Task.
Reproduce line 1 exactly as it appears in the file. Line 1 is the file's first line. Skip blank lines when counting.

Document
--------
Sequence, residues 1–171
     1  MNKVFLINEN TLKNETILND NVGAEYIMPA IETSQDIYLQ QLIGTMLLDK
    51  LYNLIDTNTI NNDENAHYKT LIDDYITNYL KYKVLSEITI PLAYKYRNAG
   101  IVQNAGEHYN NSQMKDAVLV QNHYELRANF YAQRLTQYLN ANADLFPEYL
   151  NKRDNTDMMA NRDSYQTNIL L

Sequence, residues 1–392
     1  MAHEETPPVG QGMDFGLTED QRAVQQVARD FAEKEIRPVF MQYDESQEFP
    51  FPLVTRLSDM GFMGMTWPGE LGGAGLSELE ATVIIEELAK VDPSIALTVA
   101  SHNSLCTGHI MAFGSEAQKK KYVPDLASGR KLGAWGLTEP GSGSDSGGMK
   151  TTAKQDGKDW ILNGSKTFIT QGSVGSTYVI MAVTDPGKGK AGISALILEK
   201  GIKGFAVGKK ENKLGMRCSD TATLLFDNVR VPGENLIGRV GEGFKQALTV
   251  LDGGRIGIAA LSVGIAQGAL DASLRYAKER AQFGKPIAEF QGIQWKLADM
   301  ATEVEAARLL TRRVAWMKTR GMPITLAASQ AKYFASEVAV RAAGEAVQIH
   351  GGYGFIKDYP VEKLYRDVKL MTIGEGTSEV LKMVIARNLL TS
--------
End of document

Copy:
Sequence, residues 1–171